It seems that the posts on branding are coalescing in both the blogosphere and my inbox. Emails notifying me of a response to one of Gip’s posts about logo-free living just popped in last week, and Minimalist Mommi just showed up on my radar with a radical minimalist perspective on clothing.
What I’m seeing, from many bloggers (Minimalist Mommi excluded!) and their commenters, seems to be a backlash against high-end fashion and the brand marks, logos, patches, etc. that go with them.
I sympathize with many of the concerns, but here’s the thing…..I’m not anti-logo. I’m not anti-brand. I’m not anti-differentiation. When I’m not blogging, I’m a web designer. This means that building brands, creating logos, and otherwise helping people differentiate who they are is a core part of what I do.
And I don’t see that task as being fundamentally in conflict with the principles of minimalist, intentional living.
I Share “Brand As Status” Concerns
Let me be clear. If somebody came to me and said they were buying a Coach handbag because “all the cool mommy bloggers are doing it”, I would suggest that they’re probably buying it for the wrong reason. Same with the guy that wants to buy a Dodge 4×4 truck because all the other guys at the bar own a Dodge 4×4.
This is particularly an issue to me when people aren’t just trying to catch up, but outdo their peer group. This just dovetails into the whole minimalist philosophy of life:
You are not your stuff.
But the fact that somebody is buying (or owns) a Coach handbag is usually a fact in a vacuum – there’s no context. Absent that context, I have a rather lenient fallback position.
I Don’t Share The “Brands Are Bad” Philosophy
Branding is useful on many levels. Brands help us differentiate products from various manufacturers, and let us use previous experience to inform future buying decisions.
I, personally, have used previous experiences to develop strong attachments to certain brands. These include Birkenstock sandals, Logitech Trackman trackballs, Plantronics Voyager headsets, HP printers, Gildan t-shirts, and several other items. In my case, each brand attachment has been formed because their products perform better for me than any other option.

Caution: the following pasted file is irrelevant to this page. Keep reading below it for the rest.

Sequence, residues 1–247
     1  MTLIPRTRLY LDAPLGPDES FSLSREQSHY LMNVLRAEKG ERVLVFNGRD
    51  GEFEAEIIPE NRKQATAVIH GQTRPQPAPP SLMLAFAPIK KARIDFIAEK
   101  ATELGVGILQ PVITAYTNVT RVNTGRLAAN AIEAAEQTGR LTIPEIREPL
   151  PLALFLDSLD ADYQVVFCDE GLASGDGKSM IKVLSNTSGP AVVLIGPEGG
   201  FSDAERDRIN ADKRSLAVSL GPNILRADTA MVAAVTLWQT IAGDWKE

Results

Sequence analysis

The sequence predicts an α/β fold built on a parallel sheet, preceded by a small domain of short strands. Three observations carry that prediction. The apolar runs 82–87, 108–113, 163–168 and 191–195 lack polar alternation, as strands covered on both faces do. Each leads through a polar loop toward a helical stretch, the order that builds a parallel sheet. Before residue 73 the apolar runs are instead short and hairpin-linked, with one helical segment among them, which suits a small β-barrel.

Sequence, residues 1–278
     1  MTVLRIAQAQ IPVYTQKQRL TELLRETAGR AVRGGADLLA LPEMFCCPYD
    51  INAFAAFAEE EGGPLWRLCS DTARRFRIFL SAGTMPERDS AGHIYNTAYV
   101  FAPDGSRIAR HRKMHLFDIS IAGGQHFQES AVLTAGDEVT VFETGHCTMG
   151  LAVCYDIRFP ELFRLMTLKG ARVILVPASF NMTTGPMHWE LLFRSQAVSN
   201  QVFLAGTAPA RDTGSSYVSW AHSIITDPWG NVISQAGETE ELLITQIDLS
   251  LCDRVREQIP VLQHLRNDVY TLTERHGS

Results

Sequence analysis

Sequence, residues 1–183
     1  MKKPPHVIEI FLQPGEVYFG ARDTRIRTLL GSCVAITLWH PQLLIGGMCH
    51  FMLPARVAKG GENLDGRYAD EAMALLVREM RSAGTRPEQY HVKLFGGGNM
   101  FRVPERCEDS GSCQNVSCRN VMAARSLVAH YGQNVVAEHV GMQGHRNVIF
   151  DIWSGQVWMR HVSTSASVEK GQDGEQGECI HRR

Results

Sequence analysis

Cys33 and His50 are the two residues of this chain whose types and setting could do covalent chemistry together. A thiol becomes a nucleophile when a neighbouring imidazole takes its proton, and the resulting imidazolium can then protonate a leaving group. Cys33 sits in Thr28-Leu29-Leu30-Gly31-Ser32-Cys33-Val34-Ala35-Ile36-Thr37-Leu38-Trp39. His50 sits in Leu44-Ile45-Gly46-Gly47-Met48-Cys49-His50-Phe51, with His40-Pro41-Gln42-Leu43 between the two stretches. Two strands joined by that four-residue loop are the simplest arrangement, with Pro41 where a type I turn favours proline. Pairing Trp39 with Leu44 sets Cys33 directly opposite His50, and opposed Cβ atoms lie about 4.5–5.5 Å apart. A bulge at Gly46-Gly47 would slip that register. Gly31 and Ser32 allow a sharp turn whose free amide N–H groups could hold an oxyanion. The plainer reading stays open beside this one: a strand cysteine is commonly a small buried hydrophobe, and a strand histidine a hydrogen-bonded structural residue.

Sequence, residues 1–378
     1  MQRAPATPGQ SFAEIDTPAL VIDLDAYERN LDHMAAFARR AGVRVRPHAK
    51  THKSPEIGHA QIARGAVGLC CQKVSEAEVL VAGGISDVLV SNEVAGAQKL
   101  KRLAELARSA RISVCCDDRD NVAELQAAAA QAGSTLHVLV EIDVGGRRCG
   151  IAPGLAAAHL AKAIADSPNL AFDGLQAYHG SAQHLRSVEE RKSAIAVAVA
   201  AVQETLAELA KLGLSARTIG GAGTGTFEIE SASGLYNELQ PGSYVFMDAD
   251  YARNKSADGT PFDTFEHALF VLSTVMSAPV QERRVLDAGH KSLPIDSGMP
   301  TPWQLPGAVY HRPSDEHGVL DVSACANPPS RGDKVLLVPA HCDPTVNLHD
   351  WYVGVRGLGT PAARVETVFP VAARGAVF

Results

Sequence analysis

The brand attachment, to me, is a shorthand way of referring to the elaborate quality testing and determinations that I’ve made over the years. And as such, it cuts both ways.
I have strong aversions to other brands. I run screaming in the other direction when I see a Canon inkjet printer. I don’t like eMachine computers. I will never intentionally buy Palmer brand chocolates. This is because of the print-head design on most Canon inkjets, the underrated power supplies they stuff into eMachines, and the fact that Palmer chocolates taste like wax to me.
Years of experience have shown me that those products are bad investments. You can parade runway models in front of me with swimsuits that say “Canon inkjets are #1!” and I won’t believe you. Your claims don’t trump my reality.
Brands aren’t a magic sales tool. Any brand that sticks its head up enough to be identified positively also runs the very real risk of being identified negatively. Any brand that ties its promotional strategy to current fashion is even more susceptible to suddenly becoming “uncool”.
Logos Are An Attribute, Nothing More
The thing that gets me about this discussion is that it seems as though brands and logos are being used as a litmus test for the legitimacy of a purchase, and to me that’s just silly. Brands/logos are single attributes, nothing more.
If a shirt fits you well, looks good, and is known to be a well-made product, would you honestly put it back on the shelf because there’s a brand logo embroidered on the chest? And if so, how is what you’re doing all that different from the people that buy the same shirt because of the logo, disregarding all the other factors?
To me, clothing is about a certain base amount of style, and large amounts of comfort and durability. I’m not going to sacrifice my comfort just so I can wear the latest Chaps polo shirts, and I’m also not going to sacrifice my comfort just to avoid wearing those same polo shirts.
I honestly don’t believe that the Chaps brand is going to significantly grow or significantly suffer because I do or don’t buy a polo shirt. I’m not that big of a deal, really.
The Bottom Line: Be Intentional
The bottom line here is that I’d encourage you to come to your own decision, and be your own person. Personally, I don’t see the rationality of having an all-or-nothing perspective regarding brands and logos. Maybe you do.
But whatever you do, take a little bit of time and plan your strategy intelligently. There are no cosmic bonus points for having a brand-free existence. The Minimalist Police aren’t going to show up and arrest you for having a polo shirt with a little alligator on it.
Be your own person!
And if you have a minute, tell me about that “own person” you’re being in the comments. I’d love to hear some other perspectives on this issue.
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